Educatedindian



The following is from messages that were exchanged between me and one of the founders of the New Age Frauds Plastic Shamans online club (my apolgies for any inconvenience due to my lack of a current address for them) as part of an ongoing discussion that also involved other members. It was a discussion of Columbus and his encounters with tribal people in what is now called The Americas It is reproduced and edited here by permission.

Message #1401
Shelterkeep:
What's funny to me is the ongoing confusion about real Indians and the ones names after them because of confusion and bad directions. Ghandi *was* Indian! Native Americans or American Indians are whatever their tribes are or Fourth World People or whatever other term they choose for themselves. It seems to me that using the word "Indian" is just a concession to the fact that whites arrived uninformed and then dug their heels in about remaining ignorant.

Message #1410
Educatedindian
Actually, we weren't named after East Indians. That's a common mistake. In 1492, India was called Hindustan, not India. Columbus said we impressed him as "una gente en Dios" meaning, roughly, a people that have God in their hearts or live with God in their lives.

An Anglo mistranslated that as "Indio".

Really we don't mind Indian as a label at all. We prefer it to Native American, which was invented by a government bureaucrat in 1974. Some actually get pretty angry if you say Native American and compare it to calling Jewish people "Native Germans".

But most don't. Native American, Indian, native, in Latin America "Indigeno" or "campesino" ("Indio" has racist connotations to some, but others want to rehabilitate the word), in Canada First Nation or aboriginal. These are all fine.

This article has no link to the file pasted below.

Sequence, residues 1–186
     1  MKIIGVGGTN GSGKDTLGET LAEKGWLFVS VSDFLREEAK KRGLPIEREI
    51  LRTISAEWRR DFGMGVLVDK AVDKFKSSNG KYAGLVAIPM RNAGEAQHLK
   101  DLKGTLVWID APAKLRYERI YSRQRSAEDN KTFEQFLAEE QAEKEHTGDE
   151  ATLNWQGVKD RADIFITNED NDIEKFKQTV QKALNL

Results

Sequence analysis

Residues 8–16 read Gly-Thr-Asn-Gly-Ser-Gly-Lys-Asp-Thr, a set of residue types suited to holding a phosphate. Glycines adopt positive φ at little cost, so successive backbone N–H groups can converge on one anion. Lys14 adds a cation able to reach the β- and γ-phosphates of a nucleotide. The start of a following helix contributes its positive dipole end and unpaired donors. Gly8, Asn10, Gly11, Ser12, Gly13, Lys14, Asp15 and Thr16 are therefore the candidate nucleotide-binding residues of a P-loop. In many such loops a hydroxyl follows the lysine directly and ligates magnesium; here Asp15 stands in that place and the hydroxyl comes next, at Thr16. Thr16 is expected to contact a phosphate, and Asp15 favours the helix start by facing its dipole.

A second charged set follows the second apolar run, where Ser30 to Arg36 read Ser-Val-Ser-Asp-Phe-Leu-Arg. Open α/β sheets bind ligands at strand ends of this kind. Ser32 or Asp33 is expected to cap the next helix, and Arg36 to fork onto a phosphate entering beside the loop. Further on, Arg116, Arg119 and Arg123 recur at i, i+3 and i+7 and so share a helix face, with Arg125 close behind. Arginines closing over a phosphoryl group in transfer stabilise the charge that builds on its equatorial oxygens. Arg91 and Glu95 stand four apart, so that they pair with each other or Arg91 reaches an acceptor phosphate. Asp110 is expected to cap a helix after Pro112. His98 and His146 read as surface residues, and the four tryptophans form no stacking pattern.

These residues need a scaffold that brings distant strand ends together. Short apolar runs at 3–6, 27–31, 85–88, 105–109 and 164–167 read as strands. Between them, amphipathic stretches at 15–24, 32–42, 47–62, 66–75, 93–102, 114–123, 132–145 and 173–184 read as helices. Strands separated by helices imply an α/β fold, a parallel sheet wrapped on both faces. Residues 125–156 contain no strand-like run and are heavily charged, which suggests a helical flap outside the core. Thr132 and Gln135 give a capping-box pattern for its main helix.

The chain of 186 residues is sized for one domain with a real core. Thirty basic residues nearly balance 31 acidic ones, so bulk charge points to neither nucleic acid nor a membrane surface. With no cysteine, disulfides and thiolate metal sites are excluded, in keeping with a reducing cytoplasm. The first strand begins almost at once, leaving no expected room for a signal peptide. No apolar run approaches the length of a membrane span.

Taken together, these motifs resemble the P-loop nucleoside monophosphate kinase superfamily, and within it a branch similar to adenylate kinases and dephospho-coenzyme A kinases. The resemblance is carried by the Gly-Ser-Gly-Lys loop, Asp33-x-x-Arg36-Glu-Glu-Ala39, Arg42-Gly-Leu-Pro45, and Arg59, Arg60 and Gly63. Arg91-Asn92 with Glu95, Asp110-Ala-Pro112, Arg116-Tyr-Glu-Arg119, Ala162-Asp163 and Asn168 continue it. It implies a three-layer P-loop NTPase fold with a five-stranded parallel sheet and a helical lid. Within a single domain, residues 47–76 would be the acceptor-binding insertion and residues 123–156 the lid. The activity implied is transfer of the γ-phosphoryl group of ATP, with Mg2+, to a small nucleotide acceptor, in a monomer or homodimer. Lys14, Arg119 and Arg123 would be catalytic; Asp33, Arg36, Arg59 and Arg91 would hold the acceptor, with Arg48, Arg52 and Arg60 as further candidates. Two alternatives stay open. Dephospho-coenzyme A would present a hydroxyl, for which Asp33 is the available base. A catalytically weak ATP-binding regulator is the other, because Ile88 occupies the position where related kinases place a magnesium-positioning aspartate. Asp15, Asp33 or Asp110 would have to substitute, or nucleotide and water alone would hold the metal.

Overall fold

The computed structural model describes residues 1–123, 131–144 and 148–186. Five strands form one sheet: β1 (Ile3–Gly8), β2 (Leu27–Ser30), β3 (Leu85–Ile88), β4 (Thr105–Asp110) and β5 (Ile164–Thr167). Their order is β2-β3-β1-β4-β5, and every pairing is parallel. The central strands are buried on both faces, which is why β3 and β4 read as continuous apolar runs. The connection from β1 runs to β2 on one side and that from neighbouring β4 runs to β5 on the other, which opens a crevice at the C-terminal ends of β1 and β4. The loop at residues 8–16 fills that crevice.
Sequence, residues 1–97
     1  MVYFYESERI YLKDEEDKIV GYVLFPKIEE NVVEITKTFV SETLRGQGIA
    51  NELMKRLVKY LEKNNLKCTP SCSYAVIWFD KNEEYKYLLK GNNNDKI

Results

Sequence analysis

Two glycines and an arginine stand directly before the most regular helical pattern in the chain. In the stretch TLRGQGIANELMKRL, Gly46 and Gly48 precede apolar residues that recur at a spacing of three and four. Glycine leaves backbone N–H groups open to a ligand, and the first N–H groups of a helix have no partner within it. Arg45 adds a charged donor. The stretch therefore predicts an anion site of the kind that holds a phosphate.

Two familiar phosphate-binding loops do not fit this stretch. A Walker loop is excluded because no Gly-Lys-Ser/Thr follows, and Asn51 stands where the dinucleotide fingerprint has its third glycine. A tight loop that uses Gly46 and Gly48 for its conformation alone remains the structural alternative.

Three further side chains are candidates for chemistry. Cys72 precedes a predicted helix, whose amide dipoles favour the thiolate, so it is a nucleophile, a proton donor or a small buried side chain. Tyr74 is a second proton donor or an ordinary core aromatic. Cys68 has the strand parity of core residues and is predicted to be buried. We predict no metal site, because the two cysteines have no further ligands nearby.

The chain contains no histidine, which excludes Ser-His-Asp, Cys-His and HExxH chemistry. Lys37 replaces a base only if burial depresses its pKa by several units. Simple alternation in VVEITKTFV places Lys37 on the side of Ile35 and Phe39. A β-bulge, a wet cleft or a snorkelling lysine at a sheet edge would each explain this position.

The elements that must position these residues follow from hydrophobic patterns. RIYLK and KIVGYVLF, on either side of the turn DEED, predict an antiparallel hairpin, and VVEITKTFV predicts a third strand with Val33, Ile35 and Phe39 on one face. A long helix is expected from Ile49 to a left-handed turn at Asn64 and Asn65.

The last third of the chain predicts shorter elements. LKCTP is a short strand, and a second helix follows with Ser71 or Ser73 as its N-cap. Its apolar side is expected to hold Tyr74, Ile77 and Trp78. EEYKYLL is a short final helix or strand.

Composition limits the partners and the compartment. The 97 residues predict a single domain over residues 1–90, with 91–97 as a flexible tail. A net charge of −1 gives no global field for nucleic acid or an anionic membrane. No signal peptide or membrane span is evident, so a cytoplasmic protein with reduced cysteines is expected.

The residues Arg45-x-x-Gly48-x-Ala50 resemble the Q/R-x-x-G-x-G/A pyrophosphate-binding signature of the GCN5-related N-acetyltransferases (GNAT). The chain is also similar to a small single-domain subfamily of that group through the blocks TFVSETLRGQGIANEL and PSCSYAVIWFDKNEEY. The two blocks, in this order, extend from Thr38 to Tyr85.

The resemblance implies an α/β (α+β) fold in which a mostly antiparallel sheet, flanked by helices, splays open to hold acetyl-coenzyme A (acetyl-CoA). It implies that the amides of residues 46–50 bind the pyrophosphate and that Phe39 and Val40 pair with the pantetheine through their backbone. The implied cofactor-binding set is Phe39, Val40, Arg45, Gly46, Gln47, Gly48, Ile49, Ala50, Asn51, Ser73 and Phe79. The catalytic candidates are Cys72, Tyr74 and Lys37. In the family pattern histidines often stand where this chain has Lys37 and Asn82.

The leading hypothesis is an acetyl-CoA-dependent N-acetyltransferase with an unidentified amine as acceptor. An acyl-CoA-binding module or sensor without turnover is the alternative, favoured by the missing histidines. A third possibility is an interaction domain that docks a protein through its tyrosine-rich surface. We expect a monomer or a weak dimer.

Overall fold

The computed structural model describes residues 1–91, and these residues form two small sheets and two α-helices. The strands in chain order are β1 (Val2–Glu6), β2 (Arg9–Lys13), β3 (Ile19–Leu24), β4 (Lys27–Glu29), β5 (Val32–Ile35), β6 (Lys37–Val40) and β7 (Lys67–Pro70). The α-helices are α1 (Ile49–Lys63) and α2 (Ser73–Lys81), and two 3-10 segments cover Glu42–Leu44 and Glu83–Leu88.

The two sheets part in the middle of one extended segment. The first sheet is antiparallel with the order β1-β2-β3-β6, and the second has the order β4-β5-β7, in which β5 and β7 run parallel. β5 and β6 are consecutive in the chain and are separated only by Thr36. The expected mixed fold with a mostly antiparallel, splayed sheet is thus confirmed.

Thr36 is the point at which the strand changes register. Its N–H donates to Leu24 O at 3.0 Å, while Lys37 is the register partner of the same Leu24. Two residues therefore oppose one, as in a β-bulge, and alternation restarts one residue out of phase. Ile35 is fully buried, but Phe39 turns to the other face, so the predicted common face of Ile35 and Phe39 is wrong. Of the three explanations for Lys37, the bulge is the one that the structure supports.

Message #1435
Shelterkeep
<< like glittering gold and sparkling diamonds. They perceived the tribes as having it >>

This reference was metaphorical. However, Columbus never would have been able to demand gold from tribes showing no evidence of having any, nor would the Conquistadors. (Educated, am I correct in remembering that Columbus' admiration of the peacefulness of the first people he encountered also led to his statement that they should be quite easy to overpower? I seem to recall he threatened to cut off the hands of anyone who didn't fill a quota per day of gold... and that those people really did end up extinct from murder, venereal disease, and being sold into slavery in Europe.) Also, those kinds of "riches" aside, I've heard that some prominent members of at least some tribes had extensive material wealth and that being able to give large amounts away was a point of pride and evidence of personal ability to accumulate it, since what was given away was eventually replaced by the means by which it was originally gotten.

I don't think wealth is the problem anyway. It's being married to it to the exclusion of spirit and fellow living beings.

Message #1443
Educatedindian
What you remember about Columbus is exactly right. They came to him in the traditional way of greeting strangers, offering gifts in the hope of building ties of trade and friendship. They were not a warlike people. The cutting hands off part is true too.

Two books that have a good description of Columbus' conduct are Zinn's "People's History of the US" and Loewen's "Lies My Teacher Told Me".

Giveaways or potlatches are a big part of most tribes' traditions, and everyone tries to practice it to the best of their ability. The Northwest Indians on the Pacific coast took it the furthest, with actual formal competitions in it.

Giveaways are still a very strong tradition, one I try to practice myself. It's a good way to make sure the least fortunate are always taken care of, no matter how hard the times get. Not to mention it just warms your heart to be doing the giving or receiving.



To read about how to learn about Indians in a way that respects them for who they really are and without being taken in by fraudulent teachers, please read Learning In a Respectful Way Avoiding Being Taken, an article by Educatedindian in the Kitchen. Many links for further information can be found at the end of that article.



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